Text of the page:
But it is not due to Tarde's influence alone that Professor Ross confines his social psychology largely to a consideration of the phenomena of suggestion and imitation, custom and convention. It is clue even more to his conception of the subject. " Social psychology," he tells us, "studies the psychic planes and currents that come into existence among men in consequence of their association. It seeks to understand and account for those uniformities in feeling, belief, or volition which are due to the interaction of human beings." This definition necessarily excludes from social psychology the consideration of social variations and changes as such, social unlikeness and conflict not due to imitation, and as the author himself recognizes, also those social uniformities due to instinct, innate racial character, and the influence of a common physical environment. On the other hand, since imitation is the chief means of propagating acquired uniformities in human society, as Baldwin has emphasized, Professor Ross is by his definition confined to a consideration of the social effects of the suggestion-imitation process.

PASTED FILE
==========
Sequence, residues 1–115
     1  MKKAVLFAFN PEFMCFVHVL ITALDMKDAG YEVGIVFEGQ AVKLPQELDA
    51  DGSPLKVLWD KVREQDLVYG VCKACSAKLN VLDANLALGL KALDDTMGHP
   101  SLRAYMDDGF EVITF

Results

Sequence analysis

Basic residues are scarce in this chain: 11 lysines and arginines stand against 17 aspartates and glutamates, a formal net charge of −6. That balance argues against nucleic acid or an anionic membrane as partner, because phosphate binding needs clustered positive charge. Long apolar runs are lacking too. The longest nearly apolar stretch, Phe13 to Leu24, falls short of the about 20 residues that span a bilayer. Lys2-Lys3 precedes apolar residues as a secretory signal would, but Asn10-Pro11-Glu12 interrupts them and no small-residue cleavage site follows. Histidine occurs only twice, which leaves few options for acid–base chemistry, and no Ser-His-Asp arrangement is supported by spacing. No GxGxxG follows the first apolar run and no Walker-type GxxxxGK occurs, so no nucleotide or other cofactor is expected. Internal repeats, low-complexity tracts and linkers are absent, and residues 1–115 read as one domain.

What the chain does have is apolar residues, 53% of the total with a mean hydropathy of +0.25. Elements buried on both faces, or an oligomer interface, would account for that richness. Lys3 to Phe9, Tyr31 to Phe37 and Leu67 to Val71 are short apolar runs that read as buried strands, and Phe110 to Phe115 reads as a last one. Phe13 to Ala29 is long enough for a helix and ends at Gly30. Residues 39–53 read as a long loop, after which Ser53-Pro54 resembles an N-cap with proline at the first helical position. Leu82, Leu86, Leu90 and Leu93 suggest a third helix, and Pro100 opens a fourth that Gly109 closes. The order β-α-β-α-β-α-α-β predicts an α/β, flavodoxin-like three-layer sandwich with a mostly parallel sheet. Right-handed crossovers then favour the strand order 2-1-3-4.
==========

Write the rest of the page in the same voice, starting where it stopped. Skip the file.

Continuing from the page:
The ambiguity in the use of the term 'social psychology,' as used both by psychologists and by sociologists, deserves attention. As has been elsewhere pointed out by the present writer, the term is used at present in two entirely distinct senses; first, to mean the psychology of the so-called social states of mind of the individual ; secondly, to mean the psychology of the social life (interactions of individuals). Now in the first sense, social psychology is evidently a part of individual psychology, being concerned with a problem of immediate experience. In the second sense, it is equally evident that social psychology is but a name for the psychological aspect of sociology. There is, of course, no objection to using the term in this second sense, provided it is understood that such social psychology has the same problems as sociology, being, in fact, but a section of sociology. It is, indeed, but an application of psychology to the interpretation of the problems of the social life. Fully four fifths of all that is written to-day under the name of sociology is such a psychological interpretation of the social life. Only one densely ignorant, however, would claim that sociology and psychology have the same problems. While the dependence of